I was startled by Daddy’s voice. It was an I’m-not-to-happy-to-be-awakened-at-this-time-in-the-morning-and-the-boy-has-lost-his-mind-like-his-mother’s-crazy-brother-in-the-lunatic-bin-at-the-state-hospital voice saying “Son, what on earth are you doing in the middle of the front yard howling at the stars like a fool? Get yourself in this house now! The neighbors will see you and call the police! Good Lord, what’s wrong with you, boy?”
Daddy’s voice, however, did not reassure me that Jesus had not taken the saints and left him and me. I knew that Jesus would leave him. All that church going was not going to save us. I was sure that I had been abandoned to suffer and endure the terrors of the Great Tribulation with Daddy. Then the angel spoke. Mama’s voice rang out gladdening my heart: “Sherman, what’s going on? Why was Charles screaming and running through the house? Is he all right?”
What a relief! Mama was still with us. It was only a dream and the passenger train!
When the Second Coming of Christ Jesus is mentioned in the New Testament, it is spoken of as the “blessed hope” (Titus 2:13). That is, the return of Jesus is the “blessed hope” of the Christian. We Presbyterians rarely think that way nowadays. If we do, it is probably in the privacy of our minds for fear that someone will think that we have gone over to the dispensationalists or the charismatics.
Notwithstanding, the Second Coming is a central theme of the teaching of the New Testament. Jesus taught us to live in expectation of His return. The language is “Watch therefore” (Matthew 24:42). Honestly, I do not see much of that in our ranks these days. If we can get around to it, eschatology is something to be read about, but we do not take it too seriously. Indeed, it has been a long, long time since I have heard a passionate, well-done sermon on the Second Coming. We do not say much about the “cockcrowing” and “the master . . . coming suddenly” and finding us sleeping (Mark 13:35-36). Are we losing the blessing of anticipation (Luke 12:27)?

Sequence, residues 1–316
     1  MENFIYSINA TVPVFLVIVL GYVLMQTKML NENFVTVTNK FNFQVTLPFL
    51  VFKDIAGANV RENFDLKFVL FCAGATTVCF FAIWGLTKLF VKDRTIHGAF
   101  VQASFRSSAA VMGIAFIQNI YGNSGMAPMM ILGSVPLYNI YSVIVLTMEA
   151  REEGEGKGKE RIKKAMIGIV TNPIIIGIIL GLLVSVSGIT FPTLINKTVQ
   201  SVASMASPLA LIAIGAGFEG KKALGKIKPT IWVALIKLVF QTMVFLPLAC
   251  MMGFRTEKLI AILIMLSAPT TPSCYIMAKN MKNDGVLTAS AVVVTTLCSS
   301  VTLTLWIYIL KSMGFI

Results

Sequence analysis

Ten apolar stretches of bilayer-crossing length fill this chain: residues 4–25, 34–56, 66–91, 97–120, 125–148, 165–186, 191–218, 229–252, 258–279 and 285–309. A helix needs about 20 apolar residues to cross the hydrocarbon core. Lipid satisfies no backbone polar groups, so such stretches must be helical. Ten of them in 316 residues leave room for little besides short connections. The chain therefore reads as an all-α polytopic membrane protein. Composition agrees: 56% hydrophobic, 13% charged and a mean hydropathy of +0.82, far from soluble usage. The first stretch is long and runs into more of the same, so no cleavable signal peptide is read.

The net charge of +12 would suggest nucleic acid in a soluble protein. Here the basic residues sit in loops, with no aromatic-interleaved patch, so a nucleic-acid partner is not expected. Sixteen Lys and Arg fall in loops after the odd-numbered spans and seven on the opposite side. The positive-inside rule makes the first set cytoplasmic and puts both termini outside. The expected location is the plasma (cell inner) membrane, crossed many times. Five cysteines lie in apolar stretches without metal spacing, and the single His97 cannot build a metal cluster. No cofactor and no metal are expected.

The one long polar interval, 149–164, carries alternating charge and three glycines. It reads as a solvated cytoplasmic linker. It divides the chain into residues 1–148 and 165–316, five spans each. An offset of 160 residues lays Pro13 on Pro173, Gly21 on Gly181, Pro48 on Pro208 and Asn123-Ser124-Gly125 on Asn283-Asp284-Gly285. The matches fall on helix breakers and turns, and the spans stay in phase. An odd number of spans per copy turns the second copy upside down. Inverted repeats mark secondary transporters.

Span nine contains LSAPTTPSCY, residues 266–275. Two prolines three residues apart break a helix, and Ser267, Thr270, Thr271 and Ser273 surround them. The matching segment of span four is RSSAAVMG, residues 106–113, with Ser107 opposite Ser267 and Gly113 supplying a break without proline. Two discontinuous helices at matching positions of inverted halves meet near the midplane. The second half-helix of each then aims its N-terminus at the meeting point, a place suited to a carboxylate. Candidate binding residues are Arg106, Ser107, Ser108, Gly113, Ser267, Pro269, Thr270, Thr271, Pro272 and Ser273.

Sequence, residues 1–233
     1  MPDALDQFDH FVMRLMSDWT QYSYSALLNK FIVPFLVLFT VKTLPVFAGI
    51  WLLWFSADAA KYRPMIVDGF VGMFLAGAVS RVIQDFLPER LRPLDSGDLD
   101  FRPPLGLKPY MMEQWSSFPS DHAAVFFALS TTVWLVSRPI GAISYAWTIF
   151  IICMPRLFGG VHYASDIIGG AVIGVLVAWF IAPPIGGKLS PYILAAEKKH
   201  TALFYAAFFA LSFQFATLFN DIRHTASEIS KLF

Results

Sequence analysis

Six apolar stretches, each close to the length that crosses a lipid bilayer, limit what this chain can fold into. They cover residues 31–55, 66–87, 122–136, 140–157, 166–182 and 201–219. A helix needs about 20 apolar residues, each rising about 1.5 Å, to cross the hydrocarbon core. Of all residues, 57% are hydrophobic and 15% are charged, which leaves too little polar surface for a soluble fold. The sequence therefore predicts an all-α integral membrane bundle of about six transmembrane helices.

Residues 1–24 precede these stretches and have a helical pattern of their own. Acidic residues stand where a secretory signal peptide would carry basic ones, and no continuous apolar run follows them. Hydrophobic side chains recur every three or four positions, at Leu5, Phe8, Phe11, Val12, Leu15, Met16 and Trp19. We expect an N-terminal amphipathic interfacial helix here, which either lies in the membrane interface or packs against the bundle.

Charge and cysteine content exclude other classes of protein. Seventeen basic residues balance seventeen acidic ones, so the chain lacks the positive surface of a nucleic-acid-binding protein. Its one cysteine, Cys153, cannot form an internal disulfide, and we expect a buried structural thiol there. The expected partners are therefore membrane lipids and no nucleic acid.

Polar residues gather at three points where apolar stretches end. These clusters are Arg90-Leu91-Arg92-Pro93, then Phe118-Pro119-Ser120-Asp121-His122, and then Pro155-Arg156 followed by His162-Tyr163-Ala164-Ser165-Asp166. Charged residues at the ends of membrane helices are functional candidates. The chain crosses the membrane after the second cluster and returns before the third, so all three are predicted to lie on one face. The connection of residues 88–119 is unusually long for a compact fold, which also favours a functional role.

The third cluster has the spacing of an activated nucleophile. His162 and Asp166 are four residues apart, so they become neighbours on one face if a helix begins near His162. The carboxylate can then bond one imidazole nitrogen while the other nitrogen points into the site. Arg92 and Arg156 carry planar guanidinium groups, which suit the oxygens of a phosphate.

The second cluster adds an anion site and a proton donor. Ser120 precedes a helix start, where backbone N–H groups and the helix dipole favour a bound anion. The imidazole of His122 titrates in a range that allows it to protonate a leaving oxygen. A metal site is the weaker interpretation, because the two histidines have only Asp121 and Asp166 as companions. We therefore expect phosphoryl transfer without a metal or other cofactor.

I find it peculiar that we are so careful to observe the Lord’s Supper and yet so rarely celebrate the Supper’s anticipation of Christ’s return (1 Corinthians 11:26). Paul speaks of “the Lord” as “at hand” (Philippians 4:5), James says that the Judge is standing “before the door” (James 1:7); Peter encourages us to “be sober, and hope to the end for the grace that is be to be brought unto you at the revelation of Jesus Christ (1 Peter 1:13); and John exhorts us to “abide in him; that, when he shall appear, we may have confidence, and not be ashamed before him at his coming” (1 John 2:28).
1 John 3:2 reads: “But we know that, when he shall appear, we shall be like him; for we shall see him as he is.” That has become my favorite passage in the Bible. I love the words about SEEING Jesus. Indeed, those words have become very precious to me in the last nine years.
Many of us lose a lot as we grow older. I have struggled with glaucoma most of my life. I have nearly lost all my vision. Only one eye works well enough to see and that not much. I type this article in front of a 30-something inch monitor with the screen set at 124% and use Arial Black font set at 28 points and with my face about a foot from the screen. I am so thankful to God that I still have a little vision to use!
John writes that “we shall see him.” I do not see many colors now. I see men like “trees walking” (Mark 8:24). Nothing is ever clear. Faces are a mystery unless I am a foot away. Dark is the color of my world. The only time I see well is in my memory and dreams.
John writes that “we shall see him.” Do you know what that means to a person with extensively compromised vision? It has a double meaning. It means that I will behold my Savior and Lord. It also means that I will have eyes that work again. This means that the next time I see well is when I see Jesus. Even so, Lord Jesus, come!
These are my thoughts,
Charles W. Wilson
Filed Under: eMail Updates